By the settled practice in this Commonwealth, the course of proceeding upon the return of the jury into court in a criminal case is as follows: The clerk asks the jury if they have agreed upon their verdict. If the foreman answers that they have, the clerk then asks whether they find the defendant guilty or not guilty. The foreman answers, "Guilty," or "Not guilty." The clerk then makes on the back of the indictment a minute of the verdict so returned, and, having done this, says to the jury, "Gentlemen of the jury, hearken to your verdict as the court has recorded it. You, upon your oaths, do say that the prisoner at the bar is guilty," (or "not guilty.") "So you say, Mr. Foreman, and so, gentlemen, you all say."
The question of the clerk, whether the jury have agreed upon their verdict, and the answer of the foreman that they have, are merely preliminary, and do not show what the verdict is. The form of verdict signed and sealed up by the jury has no weight or effect, except to preclude the idea of the jury having been influenced in arriving at their oral verdict by anything that has occurred in the interval between their separation and their return into court. Commonwealth v. Carrington, 116 Mass. 37 , 40. The final declaring of the verdict by the clerk assumes it to have been already rendered by the jury and recorded by the court, and is intended to proclaim the actual and formal decision of the jury as understood by the court, and to enable any misapprehension in the record of that decision to be corrected by the jury before they are discharged. Rex v. Parkin, 1 Moody 45. The Queen v. Vodden, Dearsly, 229; S. C. 6 Cox C. C. 226. Any or all of these precautions for making sure that the verdict expresses the deliberate conclusion of the jury cannot of themselves constitute a verdict, or dispense with the return of a verdict in proper and legal form.
The law requires the double safeguard against mistake: 1st, the delivery of the verdict by the foreman as the organ of the jury, by word of mouth, in open court, under the sense of responsibility attending such an utterance in the face of the court and of the public, and, in a case of felony, of the accused; and, 2d, the proclamation by the clerk of that verdict, as understood and recorded by the court. The fact that in this Commonwealth the defendant is not entitled or permitted, as he is in England and in many states, to have the jury polled, makes it peculiarly important for the security of his rights to adhere to the established forms, remembering the words of Chief Justice Shaw, "In this respect it is true that forms are substance." Commonwealth v. Roby, 12 Pick. 496 , 514, 515.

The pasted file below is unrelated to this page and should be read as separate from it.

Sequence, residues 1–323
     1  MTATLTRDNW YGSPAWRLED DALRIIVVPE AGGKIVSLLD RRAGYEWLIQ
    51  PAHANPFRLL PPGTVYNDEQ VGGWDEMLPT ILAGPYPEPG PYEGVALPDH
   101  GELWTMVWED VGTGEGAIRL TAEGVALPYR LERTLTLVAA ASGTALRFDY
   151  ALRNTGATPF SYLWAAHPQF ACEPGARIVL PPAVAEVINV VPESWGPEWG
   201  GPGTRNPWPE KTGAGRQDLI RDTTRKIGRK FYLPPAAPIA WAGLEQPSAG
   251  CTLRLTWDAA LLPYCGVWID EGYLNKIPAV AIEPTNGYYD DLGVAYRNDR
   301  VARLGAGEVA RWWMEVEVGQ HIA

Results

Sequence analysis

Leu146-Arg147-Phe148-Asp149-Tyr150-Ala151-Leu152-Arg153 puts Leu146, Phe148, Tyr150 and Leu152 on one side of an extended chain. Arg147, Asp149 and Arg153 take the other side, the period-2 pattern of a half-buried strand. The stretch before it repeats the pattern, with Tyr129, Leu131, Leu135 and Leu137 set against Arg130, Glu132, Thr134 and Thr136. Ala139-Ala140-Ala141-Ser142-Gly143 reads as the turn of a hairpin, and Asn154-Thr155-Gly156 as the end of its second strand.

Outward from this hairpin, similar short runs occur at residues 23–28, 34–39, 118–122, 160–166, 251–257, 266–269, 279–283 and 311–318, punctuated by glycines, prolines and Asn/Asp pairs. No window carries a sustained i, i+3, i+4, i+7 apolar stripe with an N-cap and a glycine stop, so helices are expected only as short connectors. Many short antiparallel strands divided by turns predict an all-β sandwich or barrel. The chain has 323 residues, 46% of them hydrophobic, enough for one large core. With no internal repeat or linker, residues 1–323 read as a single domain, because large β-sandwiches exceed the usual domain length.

In the case at bar, after the jury, upon their return into court, had been asked whether they had agreed upon their verdict, and the foreman had answered that they had, the form of verdict which had been signed and sealed up before the jury separated was silently delivered by the foreman to the clerk, and was opened and read by the clerk to the jury. The clerk thereupon told the jury (in the words accustomed to be used after a verdict
has been pronounced by the foreman and minuted by the clerk) to hearken to their verdict as the court had recorded it. And the bill of exceptions states that "the above is all that was said."
In Commonwealth v. Carrington, already cited, upon which the attorney general principally relies, the bill of exceptions stated that, before the verdict was recorded, the clerk asked the jury if their verdict was that the defendant was guilty, to which they assented; and, although the precise form in which such inquiry and response were expressed was not set forth in the bill of exceptions, it was assumed, both by the counsel and by the court, that an oral verdict had been returned in due form, if any such verdict could be received after the jury had separated and had brought in a sealed verdict.
But, in the present case, it distinctly appears that when the clerk told the jury to hearken to their verdict as recorded, no legal or effectual verdict had been returned by the jury, and they had not been asked, nor, in any form of words, orally and publicly stated, what their verdict was; and that, after they had been told that a verdict of guilty had been recorded, they simply said nothing. A verdict which has never been spoken by the jury cannot be implied from the mere omission of the jury to contradict the statements of the clerk, or from the silence of the prisoner and his counsel.
The verdict received and recorded by the court not being a legal verdict, it was the right of the defendant, upon his motion filed on the same day, to have it set aside. The order of the Superior Court, overruling this motion and denying him this right, was a decision upon a question of law which could not have been raised before verdict, and was therefore a proper subject of a bill of exceptions. Gen Sts. c. 115, § 7.
As, for these reasons, the defendant, in the opinion of a majority of this court, is entitled to a new trial, it is unnecessary to consider whether the instructions given by the judge to the officer after the court had adjourned, and in the absence of the defendant and his counsel, or those communicated to the jury by the novel, and, so far as we are informed, unprecedented method of printing them on a blank form of verdict, legally justified the separation of the jury before they returned into court.
[Note p205] Commonwealth of Massachusetts.
Superior Court for the Transaction of Criminal Business.
March Term, 1878.
Commonwealth vs. Cornelius Tobin.
In the above entitled case, the jury say, that the defendant is guilty, and this is their verdict.
(Signed.) John Salmon, Foreman.
Instructions by the Court.
The above blank may be filled with the word 'Guilty,' or the words 'Not guilty,' as the jury may find the defendant to be one or the other. It is then to be signed by the foreman and sealed up in an envelope with the other papers in the case, before the jury separate.